One Columbia: CityServe

One Columbia’s CityServe: A targeted week of service

brantin@thestate.comJanuary 30, 2013 

  • Get involved To view a list of service projects, suggest others or volunteer for Columbia’s week of service April 20-28, visit www.cityservecolumbia.com.

— Eager to encourage and promote acts of community service and volunteerism, area government, education, business and military leaders on Tuesday unveiled an intensive week of service planned for Columbia in late April.

Mayor Steve Benjamin announced the One Columbia CityServe effort that’s hoped to spawn various new improvement projects across the area while building on many already in place.

“Imagine what would happen if we all gave one hour to something bigger than ourselves?” Benjamin asked as he outlined the cooperative effort that would create more roadside clean-ups, community gardens, tutoring programs and various other community improvement efforts.

Targeted projects will focus on health, housing, hunger, education and beautification. The exact work, to be completed the week of April 20, will be determined in the coming weeks and added to the CityServe website. Residents are being asked to consider the type of service they would like to offer and either choose a related activity from the website or suggest projects of their own.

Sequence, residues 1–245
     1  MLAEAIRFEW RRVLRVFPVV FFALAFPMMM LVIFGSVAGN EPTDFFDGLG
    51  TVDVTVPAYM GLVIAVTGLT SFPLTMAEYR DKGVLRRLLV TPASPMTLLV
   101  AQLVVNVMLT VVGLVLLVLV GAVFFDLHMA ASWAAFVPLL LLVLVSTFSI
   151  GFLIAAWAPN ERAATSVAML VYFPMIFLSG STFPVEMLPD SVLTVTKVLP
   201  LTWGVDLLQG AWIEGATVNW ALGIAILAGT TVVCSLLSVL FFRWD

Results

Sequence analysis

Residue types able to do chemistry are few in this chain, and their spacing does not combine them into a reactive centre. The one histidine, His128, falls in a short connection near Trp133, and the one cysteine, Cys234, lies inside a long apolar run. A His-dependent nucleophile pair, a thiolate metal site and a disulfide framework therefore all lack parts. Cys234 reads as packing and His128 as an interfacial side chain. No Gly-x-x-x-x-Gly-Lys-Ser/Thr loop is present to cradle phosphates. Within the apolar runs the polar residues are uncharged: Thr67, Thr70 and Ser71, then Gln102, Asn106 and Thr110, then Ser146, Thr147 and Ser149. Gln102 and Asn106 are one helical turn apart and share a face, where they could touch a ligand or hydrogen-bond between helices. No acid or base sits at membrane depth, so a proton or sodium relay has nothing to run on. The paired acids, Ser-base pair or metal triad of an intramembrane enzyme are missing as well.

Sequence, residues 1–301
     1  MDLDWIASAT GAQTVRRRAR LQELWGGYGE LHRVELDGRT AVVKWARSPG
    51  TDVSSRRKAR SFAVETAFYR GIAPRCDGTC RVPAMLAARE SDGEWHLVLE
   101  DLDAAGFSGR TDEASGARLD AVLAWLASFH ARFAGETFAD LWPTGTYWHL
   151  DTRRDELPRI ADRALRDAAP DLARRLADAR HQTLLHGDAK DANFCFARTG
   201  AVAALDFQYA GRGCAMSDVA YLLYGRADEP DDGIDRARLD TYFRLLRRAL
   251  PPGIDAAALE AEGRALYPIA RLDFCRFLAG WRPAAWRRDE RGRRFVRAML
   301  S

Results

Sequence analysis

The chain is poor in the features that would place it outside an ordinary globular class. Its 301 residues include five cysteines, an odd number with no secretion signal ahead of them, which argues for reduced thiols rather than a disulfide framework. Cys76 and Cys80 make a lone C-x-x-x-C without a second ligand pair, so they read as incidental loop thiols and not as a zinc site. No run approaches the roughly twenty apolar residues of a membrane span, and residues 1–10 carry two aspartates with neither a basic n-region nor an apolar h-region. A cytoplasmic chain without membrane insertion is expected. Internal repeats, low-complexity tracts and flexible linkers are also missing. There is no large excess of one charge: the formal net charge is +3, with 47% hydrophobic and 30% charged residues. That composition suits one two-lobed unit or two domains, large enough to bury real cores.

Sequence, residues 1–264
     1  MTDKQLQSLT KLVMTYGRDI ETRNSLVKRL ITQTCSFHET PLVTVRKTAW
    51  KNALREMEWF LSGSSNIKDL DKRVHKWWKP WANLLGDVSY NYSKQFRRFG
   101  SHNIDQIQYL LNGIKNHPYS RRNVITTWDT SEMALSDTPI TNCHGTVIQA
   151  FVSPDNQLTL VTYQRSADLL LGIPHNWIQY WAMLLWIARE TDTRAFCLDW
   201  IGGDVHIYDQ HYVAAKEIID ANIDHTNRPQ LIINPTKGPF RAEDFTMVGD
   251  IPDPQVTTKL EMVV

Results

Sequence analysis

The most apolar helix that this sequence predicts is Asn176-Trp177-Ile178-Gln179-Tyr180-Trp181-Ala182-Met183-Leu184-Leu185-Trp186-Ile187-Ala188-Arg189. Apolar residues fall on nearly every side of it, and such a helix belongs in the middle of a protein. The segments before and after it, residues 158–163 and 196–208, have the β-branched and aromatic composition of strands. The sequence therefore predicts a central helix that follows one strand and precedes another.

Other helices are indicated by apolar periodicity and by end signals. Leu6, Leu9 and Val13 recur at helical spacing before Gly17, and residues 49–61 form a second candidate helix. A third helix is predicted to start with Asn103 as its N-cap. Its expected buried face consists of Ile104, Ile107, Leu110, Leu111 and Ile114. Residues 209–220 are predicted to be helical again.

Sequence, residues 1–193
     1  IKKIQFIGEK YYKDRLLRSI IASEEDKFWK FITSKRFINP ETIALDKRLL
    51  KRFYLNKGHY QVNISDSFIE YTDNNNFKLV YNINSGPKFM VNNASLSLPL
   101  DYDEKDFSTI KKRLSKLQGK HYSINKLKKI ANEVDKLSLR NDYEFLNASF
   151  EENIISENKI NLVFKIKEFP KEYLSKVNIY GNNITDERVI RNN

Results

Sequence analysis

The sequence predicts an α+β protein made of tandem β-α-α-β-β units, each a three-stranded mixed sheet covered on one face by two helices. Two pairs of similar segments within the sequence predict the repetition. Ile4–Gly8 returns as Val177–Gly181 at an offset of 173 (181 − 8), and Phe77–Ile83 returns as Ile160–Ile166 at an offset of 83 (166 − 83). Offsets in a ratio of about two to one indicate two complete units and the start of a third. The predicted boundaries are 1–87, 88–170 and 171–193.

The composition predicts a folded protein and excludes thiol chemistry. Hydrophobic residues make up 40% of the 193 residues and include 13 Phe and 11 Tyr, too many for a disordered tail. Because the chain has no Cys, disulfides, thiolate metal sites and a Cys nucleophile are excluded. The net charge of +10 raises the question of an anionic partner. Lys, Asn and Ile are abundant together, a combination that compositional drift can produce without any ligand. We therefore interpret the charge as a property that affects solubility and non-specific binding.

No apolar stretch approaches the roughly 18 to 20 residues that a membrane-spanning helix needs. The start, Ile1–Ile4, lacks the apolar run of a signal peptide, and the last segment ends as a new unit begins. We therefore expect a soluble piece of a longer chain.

Benjamin was joined for Tuesday’s announcement at EdVenture children’s museum by Fort Jackson commander Brig. Gen. Bryan Roberts, SCANA vice president Paul V. Fant and Patricia Moore-Pastides, the wife of University of South Carolina president, Harris Pastides.

Moore-Pastides said she has been overwhelmed by the spirit of volunteerism she has seen since moving to the area with her family years ago, adding the planned week of service could help further channel that energy.

“I think it represents a spirit of giving,” she said.

Benjamin said the effort, which has been a year in the making, grew out of numerous community discussions and doesn’t discount the many outstanding service project efforts already in place locally.

“It’s a combination of new projects and some old ones in the works,” he said.

Roberts said communitywide involvement is essential, and Fort Jackson will be very visible that week and going forward.

“We no longer consider ourselves a partner,” Roberts said. “We consider ourselves members of the team.”

Organizers say the success of the initial effort will be measured largely by the number of participants, projects and service hours but added the greater measure will be how lasting those efforts are.

“We hope this will be ongoing,” Moore-Pastides said.

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